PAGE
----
As I have gotten older, I find I am drawn more to non-anthropomorphic, inexpressable-in-words, nature, and everyday focused visions of the Divine. Whereas before my spiritual practice involved more rituals and circles, unusually indoors, with others, now I more often engage in solo quiet contemplation, outside in the wild when I can. I think more about ways of being rather than ways of doing and more about the small messages I want to leave to generations to come instead of major accomplishments. I feel as if I am contracting in towards the center of the spiral of my spiritual journey.
All over the world, very ancient cave art includes hand prints made by painting or blowing ochre around a hand or putting ochre on a hand and pressing it to the wall. Research has shown that about 75% of these were made by women, making them a very early form of feminist art. I wonder if some of them might have been made by women who had transformations and thoughts similar to mine. Here is a poem in the voice of such a woman.
When I first crouched low, crawling into the
cave chamber, a young woman led to her first ceremony,
I was in awe of sacred sister animals running along the walls
in the torchlight. Relentless chants and drums, my village in trance.
Today I am alone, inching towards my destination, my body
aching, knees bleeding, in silence. I carry no one but myself.
I am not an artist who paints the beasts who fall in sacrifice that we may live,
Or the shape-shifters who travel between our realm and the spirits,
whose handprints are here to be seen and touched with honor.
But I have tucked some ochre in my leather pouch and I press my hand to the wall and, with my mouth, spray
blood red around it.
I will make my hand’s image a little different from the others.
It will look like a tree. It will, in some lights, make you think of a bird.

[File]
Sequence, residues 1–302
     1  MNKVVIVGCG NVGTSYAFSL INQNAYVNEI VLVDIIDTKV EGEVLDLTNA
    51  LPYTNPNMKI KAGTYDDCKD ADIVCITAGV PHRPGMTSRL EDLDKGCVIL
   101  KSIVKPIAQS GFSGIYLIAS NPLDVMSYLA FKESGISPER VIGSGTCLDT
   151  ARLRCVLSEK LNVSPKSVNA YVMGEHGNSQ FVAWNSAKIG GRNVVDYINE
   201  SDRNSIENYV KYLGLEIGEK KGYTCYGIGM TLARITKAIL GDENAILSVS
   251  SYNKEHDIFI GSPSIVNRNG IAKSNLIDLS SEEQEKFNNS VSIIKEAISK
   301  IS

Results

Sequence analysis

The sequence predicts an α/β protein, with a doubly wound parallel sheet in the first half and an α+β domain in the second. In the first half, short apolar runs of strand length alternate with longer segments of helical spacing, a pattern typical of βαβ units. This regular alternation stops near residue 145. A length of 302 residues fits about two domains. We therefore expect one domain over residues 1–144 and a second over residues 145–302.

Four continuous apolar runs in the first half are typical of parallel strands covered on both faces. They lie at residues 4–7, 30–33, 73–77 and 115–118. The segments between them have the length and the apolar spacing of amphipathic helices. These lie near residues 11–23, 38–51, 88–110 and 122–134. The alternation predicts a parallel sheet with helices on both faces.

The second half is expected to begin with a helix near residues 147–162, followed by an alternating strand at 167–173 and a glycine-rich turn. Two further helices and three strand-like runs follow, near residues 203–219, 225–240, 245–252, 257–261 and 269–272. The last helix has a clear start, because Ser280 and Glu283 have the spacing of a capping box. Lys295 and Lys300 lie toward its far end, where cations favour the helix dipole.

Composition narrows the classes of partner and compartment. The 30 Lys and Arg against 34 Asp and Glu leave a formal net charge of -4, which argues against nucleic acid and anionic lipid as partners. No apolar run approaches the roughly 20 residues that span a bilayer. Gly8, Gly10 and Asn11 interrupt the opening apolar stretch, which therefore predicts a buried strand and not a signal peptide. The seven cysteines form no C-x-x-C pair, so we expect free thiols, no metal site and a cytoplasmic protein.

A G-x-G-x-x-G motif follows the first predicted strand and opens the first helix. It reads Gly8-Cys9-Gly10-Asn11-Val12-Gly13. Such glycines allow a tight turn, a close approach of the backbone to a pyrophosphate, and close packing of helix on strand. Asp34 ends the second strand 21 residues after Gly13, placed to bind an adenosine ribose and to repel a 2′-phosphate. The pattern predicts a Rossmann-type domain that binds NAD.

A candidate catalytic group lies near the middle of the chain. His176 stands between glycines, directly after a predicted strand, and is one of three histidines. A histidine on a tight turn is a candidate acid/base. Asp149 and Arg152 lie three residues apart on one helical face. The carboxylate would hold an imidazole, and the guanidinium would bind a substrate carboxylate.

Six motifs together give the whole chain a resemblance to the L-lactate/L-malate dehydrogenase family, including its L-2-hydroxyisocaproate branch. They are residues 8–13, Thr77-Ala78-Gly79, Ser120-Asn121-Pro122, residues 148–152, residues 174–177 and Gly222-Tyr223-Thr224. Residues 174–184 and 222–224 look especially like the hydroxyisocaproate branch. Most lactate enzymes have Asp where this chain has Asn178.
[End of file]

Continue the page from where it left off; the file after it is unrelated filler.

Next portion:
One finger will bend like a snake crawling among the grass.
I will move my hand like my body as it breathes
So whoever sees its smeared outline will know that the person
who made this hand was once alive.
I have only seen my face in the water, blurry and swiftly disappeared,
though my lover tells me I am still pleasing.
But I can see my hair and my hands
and I know that I am reaching the moment of life
when my body grows withered and fragile,
and one day soon I will lay down and never again rise with the sun.
I want the people from the future who discover my handprint to know that
when I walked out of my shelter in the morning
you could not see the blue of the sky for the clouds of birds.
The meadow air made us drunk with the perfume of spring blossoms.
Hives of bees buzzed around my head but never stung.
The land quaked with the stampede of reindeer herds.
I want the people from the future who discover my hand to know that
I have dug into the soil for roots in wrathful hunger.
I have carefully arranged the still bodies of lovers, mother,
father, sons, daughters, friends, almost everyone I have ever loved.
I have awakened at dawn and been unable to rise so many tears have covered my face and so much agony has my body suffered.
But still, these trials have only made the other mornings more precious.
Who knows what the future will hold? One day the reindeer may leave the land
and not return. The people may no longer revere She Who Created Them
and instead cry out unheard to craven hollowness
that will never answer with gentle, warm rain and
the songs of the trees in the wind.
Our bones may crumble unburied and no one will call to me as their ancestor
in times of both despair and merrymaking.
So I will sit here for a moment until the ochre is set
and play on my flute so magically made for me
by my grandchild from the wing of a vulture.
The celebrated ones who made the other hands have long stories and songs
to tell of spirits and creation and life’s endless tasks.
Their rituals here last for days and are marvelous for those who experience them.
But now I see only what is in front of me.
I leave my handprint to remind you, people from the future,
who stumble into this place of sanctuary, that
Your world is beautiful. You are loved.
Carolyn Lee Boyd is a writer, student drummer, and herb and native plant gardener who lives in New England. Her essays, short stories, memoirs, reviews, and poetry have been published in, among others, Feminism and Religion, Return to Mago E-Magazine, Sagewoman, The Goddess Pages, Matrifocus, and The Beltane Papers, and various anthologies. She would love for you to visit her at her website, www.goddessinateapot.com where you can find some of her free e-books to download.
Image: Prehistoric negative hand print from Pech Merle Cave in Le Lot, France. Public domain.